In Marin, in the Marin as it was of Olde, there sits Rancho Nicasio, a little establishment run by world famous jazz artist Angela Strehli. The collection of farmhouse buildings nestles in the rolling countryside, just about 30 minutes from anywhere with a sign and just about as idyllic a location as one can imagine for the world-class music and food supplied by Angela's elves. Every Sunday the house hosts a few bands and BBq on the law out back, with room for maybe 200 people at the max. A few picnic tables are to be had for reservation, but the majority simply camp out on the lawn with blankets and folding chairs.

Sunday, we headed out to join a group of Birthday boys and girls and to see our special friend, Lin, who is very much an Elf of the High Elves of Lothlorien. As well as being a 2-time winner and champion against the Big C.

And who should we see but Houston Jones once again performing their version of High Octane Americana.. This time armed with Chojo Jacques and his magnificent fiddle, which can send chills down the spine.

It's a small stage , no more than 30 feet across under an overhang and flush with the lawn. You can creep right up to the edge and gaze at the band, which might feature Leon Russell, Elvin Bishop or any other international celebrity, for Angela's reach extends far and wide, making the locale quite a jewel among the Marin hills.

We like Houston Jones and their free-wheeling style, but there was no question as to whom the people had come to see that day: The Rowan Brothers reunited after a 23 year recording hiatus. The Rowan family began as a rambunctious unit in 1969 with Loren Rowen's "Free Mexican-American Airforce", and developed a strong underground following for the next thirty years. They performed irreverent folk-style music that was distinctly Western and Californian in particular in sensibility and flavor with extraordinary musicianship. Any time any one of them would perform anywhere in California, the flocks would gather. We have seen a tiny, isolated farmhouse quickly fill up with nearly a hundred people when one of them would perform.

Ensemble, it became quite clear that this is a family devoted to music. Once past the obligatory pieces devoted to perfect technique and sweet harmony, the brothers ripped into some great, old fashioned rocking, tearing up the house, roll. And the obvious enjoyment on their faces indicated how much they loved the music. Which was well appreciated.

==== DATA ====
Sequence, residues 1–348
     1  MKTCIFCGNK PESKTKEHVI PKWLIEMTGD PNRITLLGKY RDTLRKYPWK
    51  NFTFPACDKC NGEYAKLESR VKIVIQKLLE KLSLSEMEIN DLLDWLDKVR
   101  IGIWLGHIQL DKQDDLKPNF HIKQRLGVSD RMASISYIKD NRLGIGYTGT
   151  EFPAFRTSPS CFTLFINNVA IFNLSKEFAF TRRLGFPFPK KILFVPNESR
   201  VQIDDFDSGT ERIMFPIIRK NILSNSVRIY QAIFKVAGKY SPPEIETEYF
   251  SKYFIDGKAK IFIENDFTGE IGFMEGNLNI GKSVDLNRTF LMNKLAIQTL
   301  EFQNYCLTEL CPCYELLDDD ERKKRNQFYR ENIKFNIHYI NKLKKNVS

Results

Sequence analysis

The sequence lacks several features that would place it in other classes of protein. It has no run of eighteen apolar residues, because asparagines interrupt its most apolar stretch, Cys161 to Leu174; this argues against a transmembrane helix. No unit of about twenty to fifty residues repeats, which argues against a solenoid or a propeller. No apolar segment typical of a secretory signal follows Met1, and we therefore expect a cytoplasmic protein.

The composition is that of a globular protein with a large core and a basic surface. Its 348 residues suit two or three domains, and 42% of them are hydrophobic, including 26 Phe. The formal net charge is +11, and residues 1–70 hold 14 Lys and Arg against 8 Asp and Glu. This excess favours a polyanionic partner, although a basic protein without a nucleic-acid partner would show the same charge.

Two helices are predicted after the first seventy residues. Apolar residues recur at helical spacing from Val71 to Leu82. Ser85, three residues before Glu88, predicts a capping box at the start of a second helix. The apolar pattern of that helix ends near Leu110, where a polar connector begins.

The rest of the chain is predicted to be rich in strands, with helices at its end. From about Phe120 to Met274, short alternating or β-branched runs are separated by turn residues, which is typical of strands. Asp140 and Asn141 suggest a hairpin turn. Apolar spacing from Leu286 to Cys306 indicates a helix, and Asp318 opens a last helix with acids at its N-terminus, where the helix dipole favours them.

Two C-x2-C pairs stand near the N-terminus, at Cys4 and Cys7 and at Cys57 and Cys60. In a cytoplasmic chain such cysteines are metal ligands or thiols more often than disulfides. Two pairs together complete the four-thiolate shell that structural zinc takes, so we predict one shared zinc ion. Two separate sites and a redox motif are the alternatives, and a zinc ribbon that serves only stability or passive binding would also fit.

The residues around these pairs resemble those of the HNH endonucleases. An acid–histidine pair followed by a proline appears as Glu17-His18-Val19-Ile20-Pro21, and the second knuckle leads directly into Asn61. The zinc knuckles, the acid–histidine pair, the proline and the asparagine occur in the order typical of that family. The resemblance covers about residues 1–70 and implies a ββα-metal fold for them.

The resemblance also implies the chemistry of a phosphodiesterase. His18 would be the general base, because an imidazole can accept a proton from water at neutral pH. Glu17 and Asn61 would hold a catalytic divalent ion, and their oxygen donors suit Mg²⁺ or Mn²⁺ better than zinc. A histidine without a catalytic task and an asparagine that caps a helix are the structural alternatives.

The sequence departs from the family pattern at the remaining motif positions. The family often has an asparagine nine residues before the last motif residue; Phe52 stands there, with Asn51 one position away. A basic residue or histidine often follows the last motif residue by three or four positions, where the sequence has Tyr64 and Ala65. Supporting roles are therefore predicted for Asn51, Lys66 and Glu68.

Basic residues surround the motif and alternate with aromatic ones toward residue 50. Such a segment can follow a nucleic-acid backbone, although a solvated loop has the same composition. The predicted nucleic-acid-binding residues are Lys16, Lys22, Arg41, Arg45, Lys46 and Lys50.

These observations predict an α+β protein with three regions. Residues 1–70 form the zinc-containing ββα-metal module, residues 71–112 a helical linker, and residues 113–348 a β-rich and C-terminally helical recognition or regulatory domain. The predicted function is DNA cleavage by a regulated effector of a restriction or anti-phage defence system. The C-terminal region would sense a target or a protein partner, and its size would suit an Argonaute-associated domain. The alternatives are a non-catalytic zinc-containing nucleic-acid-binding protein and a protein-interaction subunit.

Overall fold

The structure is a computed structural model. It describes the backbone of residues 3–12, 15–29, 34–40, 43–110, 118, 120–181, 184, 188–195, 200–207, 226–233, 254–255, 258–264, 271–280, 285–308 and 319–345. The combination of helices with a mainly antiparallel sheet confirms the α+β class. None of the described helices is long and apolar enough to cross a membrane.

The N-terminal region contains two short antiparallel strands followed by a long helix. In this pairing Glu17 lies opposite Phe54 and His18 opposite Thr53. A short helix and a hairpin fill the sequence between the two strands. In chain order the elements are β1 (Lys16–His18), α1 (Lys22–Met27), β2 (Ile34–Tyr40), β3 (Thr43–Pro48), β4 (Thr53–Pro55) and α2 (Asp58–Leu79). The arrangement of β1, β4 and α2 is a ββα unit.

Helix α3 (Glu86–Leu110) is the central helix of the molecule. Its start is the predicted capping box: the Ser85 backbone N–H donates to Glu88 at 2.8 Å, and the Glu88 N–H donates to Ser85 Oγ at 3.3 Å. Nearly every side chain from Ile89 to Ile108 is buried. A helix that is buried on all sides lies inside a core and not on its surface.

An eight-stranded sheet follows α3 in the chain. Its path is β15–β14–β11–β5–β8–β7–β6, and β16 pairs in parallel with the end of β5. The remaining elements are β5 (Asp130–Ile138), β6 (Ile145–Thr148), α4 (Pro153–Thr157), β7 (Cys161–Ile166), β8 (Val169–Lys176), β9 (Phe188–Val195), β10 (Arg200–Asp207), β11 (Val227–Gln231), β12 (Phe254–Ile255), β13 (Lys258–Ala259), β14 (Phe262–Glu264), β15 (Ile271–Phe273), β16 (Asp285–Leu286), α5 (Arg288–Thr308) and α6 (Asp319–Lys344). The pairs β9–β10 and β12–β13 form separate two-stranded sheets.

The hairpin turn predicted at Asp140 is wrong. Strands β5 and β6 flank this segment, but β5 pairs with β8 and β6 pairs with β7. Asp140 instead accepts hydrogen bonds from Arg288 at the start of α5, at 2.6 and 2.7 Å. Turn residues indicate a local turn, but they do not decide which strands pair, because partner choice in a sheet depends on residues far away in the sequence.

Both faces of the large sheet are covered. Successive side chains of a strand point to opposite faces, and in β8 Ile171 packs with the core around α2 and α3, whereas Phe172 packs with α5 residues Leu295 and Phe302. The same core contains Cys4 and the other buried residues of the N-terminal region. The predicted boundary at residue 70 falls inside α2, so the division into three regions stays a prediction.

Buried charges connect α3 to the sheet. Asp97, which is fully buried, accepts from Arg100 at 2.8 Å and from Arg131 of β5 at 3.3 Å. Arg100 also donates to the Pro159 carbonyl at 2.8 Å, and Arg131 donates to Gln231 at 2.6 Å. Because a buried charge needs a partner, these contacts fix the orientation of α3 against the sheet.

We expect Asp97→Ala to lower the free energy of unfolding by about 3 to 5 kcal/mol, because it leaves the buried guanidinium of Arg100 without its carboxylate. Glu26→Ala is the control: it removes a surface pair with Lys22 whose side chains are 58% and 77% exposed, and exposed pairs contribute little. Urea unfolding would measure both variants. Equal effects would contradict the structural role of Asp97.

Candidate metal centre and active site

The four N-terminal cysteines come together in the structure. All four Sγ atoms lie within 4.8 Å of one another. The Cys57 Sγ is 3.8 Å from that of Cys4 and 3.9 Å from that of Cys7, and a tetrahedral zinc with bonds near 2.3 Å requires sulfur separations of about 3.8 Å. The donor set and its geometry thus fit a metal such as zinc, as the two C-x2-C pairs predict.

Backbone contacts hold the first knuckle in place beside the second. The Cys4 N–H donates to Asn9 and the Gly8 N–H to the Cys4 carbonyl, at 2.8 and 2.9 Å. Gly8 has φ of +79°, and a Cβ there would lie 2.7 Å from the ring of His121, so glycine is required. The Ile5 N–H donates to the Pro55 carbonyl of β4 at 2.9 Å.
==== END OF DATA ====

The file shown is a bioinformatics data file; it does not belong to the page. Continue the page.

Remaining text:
The style is Nashville-derivative in the more carefully orchestrated pieces, but it quickly breaks the genre boundaries as the brothers get more excited, evolving into that new amorphous style loosely termed "Americana", with a bit of country, a bit of blues, a bit of rock all melded into one very captivating performance. The vocal harmonies are exquisite and highly emphasized as the photo would indicate from the mike positioning. This is the music that seems to say, "You know George Bush, you have not a god damned clue as to what the heartland is really about." And that is a good feeling. Because if you really knew what America was about, you would be very dangerous.

Rancho Nicasio has a calendar posted on the web. Find it yourself. Enjoy.


It feels a bit odd to wrap up this thing on a Monday, but maybe its good to be breaking out of the old routine. Managed to fix those unruly Germans and handle the Taiwanese in the same day, but we sure is tuckered out crossing the dateline. Sometimes you get caught in this rut of everyday and weekly patterns and there you are, stuck out on the plateau of creativity, really having to come up with something different for a change.

But meanwhile we have our Island differences and issues and all sorts of localized problems. These things seem entirely our own unique problems: no money for schools or libraries or police or fire services and everyone seems broke and hard up all the time. Well, what a series of problems that no one else seems to share.

Well, that's just the way it is on the Island. Its late into a Monday evening with the trains howling through the Port from across the way. Have a great week.

JUNE 12, 2005


The last of the cap 'n gown ceremonies has marched down the aisle to the execrable tunes of Elgar and even Harvard, which deliberately hosts commencement in mid June after everyone else so that the press can all be there, could not find any honorable or worthy speaker in all of politics or public life today so that honorable institution chose Hollywood's John Lithgow -- an old alum by chance -- to speak to the class of 2005.

The last teen in the house, little Shelly bells -- not so little any more -- foregoes this year's commencement with her sights set on UC at Santa Barbara having tested out of the essentially useless process of Senior slump some six months previously.